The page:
The Report on the Observance of Standards and Codes (ROSC)—Data Module provides an assessment of Botswana’s macroeconomic statistics against the recommendations of the General Data Dissemination System, complemented by an assessment of data quality based on the IMF’s Data Quality Assessment Framework, July 2003. It reveals that there has been a strengthening of the relevance of the data, the transparency of statistical policies and practices, and the accessibility of data and metadata. Staff of statistical agencies also exhibits a high level of professionalism and ethical standards.

Abstract

The Report on the Observance of Standards and Codes (ROSC)—Data Module provides an assessment of Botswana’s macroeconomic statistics against the recommendations of the General Data Dissemination System, complemented by an assessment of data quality based on the IMF’s Data Quality Assessment Framework, July 2003. It reveals that there has been a strengthening of the relevance of the data, the transparency of statistical policies and practices, and the accessibility of data and metadata. Staff of statistical agencies also exhibits a high level of professionalism and ethical standards.

I. Overall Assessment

1. Botswana began participating in the General Data Dissemination System (GDDS) and started posting its metadata (including plans for improvement) on the Dissemination Standards Bulletin Board (DSBB) in October 2002. Appendix Table 4 provides an overview of Botswana’s dissemination practices compared to the GDDS.

2a. The Report on the Observance of Standards and Codes (ROSC)—Data Module contains the following main observations. Botswana has a macroeconomic statistical system that does not yet fully meet the needs of its policymakers and other data users. Botswana first undertook a ROSC data module assessment in October 2001, and it has used both the ROSC assessment and the GDDS detailed plans for improvement to guide the development of its capacity in the production of macroeconomic statistics. In the interval since the last assessment, there has been a strengthening of the relevance of the data (especially with regard to the responsiveness to users’ needs), the transparency of statistical policies and practices, the accessibility of data and metadata, and, on balance, some progress in the methodological framework that underpins the system. Staff of the statistical agencies exhibit a high level of professionalism and ethical standards. Overall, Botswana has a solid basis on which to prepare for the next stage in its statistical development, namely subscription to the more exacting requirements of the Special Data Dissemination Standard (SDDS).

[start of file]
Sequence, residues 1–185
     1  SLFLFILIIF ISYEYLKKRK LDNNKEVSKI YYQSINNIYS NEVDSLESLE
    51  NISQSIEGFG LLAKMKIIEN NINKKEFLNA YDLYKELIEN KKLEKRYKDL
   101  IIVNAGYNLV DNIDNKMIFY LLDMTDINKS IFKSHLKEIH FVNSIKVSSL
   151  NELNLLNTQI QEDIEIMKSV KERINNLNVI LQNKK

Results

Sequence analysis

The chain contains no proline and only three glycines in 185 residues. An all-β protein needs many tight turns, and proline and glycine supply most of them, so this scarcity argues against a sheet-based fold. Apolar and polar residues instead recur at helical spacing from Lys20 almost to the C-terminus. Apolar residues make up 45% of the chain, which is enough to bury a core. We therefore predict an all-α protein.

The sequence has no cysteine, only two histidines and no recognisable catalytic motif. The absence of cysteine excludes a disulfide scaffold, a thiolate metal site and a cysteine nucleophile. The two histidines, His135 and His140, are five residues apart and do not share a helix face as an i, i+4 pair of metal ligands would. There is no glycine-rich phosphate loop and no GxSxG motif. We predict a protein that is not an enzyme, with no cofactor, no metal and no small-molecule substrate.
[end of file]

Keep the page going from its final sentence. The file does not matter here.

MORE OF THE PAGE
2b. Indeed, there could be substantial benefits to Botswana from an early subscription to the SDDS, particularly as the economy continues to grow and evolve at a pace that risks outrunning the capacity of the statistical system to meet the needs of policymakers and other data users. However, Botswana would need to make a marked improvement in the periodicity and timeliness of its data in many areas in order to meet the standard. As well, it would need to begin compiling and disseminating certain statistics that are requirements for the SDDS, for example, statistics on general government, the International Reserves and Foreign Currency Liquidity Template (the Reserves Template), and key statistics on production and producer prices. Meeting these challenges would require high-level policy decisions to increase staff resources in the main statistics-producing agencies in a concerted and coordinated way, and to accept the high level of transparency regarding Botswana’s international reserves position that the Reserves Template requires.